UK Funds Zim National Health Strategy To Support Women And Children

The UK’s Department for International Development (DFID has made available $82.1 million to improve sexual, reproductive health and nutrition services for women, adolescents and children in Zimbabwe.

Most of this grant will finance health interventions implemented under the Health Development Fund while US$ 2.2 million will be for strengthening Zimbabwe’s capacity to prevent, detect and respond to disease outbreaks.

Zimbabwe flag

Speaking at the signing ceremony in Harare recently DFID Head of Mission in Zimbabwe Annabel Gerry said through the UK’s support the availability of basic medicines in rural health centres has risen from 12% to over 90%.

“We’ve seen an increase in the contraceptive prevalence rate from 57% to 66%, putting Zimbabwe above the global average and over double the continental average,” said Gerry.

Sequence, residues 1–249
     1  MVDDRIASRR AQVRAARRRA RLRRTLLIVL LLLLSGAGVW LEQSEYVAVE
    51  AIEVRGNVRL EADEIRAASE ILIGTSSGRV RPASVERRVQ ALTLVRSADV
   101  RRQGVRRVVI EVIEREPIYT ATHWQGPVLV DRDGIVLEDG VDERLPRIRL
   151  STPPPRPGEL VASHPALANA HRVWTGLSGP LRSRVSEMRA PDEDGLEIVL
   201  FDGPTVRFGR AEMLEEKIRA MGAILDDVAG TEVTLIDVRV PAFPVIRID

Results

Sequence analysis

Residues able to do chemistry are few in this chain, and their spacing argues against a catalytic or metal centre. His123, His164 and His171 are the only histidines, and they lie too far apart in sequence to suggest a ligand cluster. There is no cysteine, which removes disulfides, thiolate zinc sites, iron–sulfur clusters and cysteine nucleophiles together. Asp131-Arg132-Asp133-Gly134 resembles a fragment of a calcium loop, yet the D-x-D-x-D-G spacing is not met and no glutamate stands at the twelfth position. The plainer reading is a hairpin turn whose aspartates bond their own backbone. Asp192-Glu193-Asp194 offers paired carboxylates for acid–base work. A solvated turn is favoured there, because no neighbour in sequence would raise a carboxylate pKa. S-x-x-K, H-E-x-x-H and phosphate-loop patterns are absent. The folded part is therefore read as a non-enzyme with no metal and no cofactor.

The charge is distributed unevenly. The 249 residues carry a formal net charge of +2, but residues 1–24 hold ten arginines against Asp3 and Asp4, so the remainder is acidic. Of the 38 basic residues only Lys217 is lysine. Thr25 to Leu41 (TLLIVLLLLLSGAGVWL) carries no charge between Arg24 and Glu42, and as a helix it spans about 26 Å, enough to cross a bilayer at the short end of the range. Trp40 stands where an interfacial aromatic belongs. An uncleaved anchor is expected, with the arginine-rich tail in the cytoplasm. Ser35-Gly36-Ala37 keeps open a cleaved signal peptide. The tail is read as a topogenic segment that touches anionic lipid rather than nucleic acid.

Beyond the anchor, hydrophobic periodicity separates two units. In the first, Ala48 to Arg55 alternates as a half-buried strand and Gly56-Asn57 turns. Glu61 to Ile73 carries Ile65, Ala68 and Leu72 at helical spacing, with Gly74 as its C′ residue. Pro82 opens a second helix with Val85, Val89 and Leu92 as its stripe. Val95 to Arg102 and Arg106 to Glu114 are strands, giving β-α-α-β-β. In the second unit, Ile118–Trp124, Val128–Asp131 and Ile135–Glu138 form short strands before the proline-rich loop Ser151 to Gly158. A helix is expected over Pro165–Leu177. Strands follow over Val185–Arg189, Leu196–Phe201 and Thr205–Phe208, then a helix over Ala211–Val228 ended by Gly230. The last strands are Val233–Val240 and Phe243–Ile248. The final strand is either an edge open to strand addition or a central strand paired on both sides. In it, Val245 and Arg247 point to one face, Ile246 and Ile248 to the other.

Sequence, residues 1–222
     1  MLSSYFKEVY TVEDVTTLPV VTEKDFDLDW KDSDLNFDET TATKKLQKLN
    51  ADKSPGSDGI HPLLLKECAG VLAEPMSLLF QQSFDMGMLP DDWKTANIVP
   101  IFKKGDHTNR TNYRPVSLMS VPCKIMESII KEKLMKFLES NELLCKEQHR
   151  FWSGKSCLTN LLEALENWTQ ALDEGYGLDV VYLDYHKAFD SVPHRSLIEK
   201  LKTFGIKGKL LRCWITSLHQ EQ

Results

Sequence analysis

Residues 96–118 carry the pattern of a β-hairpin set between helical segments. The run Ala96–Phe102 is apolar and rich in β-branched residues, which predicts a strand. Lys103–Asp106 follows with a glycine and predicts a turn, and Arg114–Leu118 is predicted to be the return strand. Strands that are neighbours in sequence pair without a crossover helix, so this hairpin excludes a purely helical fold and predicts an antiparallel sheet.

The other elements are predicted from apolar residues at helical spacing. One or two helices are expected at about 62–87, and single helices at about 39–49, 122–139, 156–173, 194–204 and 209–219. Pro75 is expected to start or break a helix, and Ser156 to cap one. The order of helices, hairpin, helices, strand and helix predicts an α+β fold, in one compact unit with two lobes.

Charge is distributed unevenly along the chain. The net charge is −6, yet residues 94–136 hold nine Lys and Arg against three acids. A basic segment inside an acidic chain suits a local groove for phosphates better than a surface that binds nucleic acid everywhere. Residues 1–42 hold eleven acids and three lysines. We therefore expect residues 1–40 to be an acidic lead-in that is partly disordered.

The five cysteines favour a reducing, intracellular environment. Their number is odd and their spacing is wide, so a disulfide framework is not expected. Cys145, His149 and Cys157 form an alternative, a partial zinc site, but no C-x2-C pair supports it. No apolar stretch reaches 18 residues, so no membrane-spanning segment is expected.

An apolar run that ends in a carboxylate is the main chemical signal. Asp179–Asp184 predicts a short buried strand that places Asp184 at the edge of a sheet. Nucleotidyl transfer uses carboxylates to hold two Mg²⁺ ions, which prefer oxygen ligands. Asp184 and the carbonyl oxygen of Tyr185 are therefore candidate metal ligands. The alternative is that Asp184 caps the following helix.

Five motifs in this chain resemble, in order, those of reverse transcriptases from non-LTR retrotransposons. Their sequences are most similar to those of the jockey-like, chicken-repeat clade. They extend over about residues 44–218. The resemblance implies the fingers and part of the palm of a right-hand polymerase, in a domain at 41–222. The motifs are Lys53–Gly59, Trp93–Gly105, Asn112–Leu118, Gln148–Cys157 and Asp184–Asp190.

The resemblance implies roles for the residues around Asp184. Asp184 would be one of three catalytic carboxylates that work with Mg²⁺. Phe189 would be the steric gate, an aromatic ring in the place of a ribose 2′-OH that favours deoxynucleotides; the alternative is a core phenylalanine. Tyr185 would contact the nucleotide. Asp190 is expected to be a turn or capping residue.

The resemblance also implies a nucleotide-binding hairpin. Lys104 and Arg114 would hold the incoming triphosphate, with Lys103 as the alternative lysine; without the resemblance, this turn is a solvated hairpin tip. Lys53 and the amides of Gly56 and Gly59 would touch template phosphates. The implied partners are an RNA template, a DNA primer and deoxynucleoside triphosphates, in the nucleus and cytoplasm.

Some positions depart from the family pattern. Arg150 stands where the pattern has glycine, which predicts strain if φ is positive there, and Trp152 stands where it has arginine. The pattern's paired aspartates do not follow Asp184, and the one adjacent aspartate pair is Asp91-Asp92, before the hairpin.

“These are impressive numbers and it is important to remember that behind every statistic is a life changed and in many cases a life saved.”

Gerry added, “Through this programme, DFID continues to support the recovery of the health system and of health services across the country.”

The programme builds on the progress Zimbabwe has made in reducing maternal and child mortality, expanding full immunization coverage, increasing the proportion of births attended to by skilled health personnel and increasing access to sexual reproductive health services for women and girls.

“The country remains focused on achieving the highest standard of health care and quality of life possible for all its citizens,” said Deputy Health Minister Aldrin Musiiwa.

“We are cognizant of the fact that on our own, we will not be able to achieve this mission but rather a lot can be achieved through strong partnerships and support from all health partners and through involvement of all stakeholders.”

The UK has been a long-term supporter of the health sector in Zimbabwe.

This programme will see the UK continue to support implementation of the National Health Strategy 2016-2020.

Source: allafrica.com

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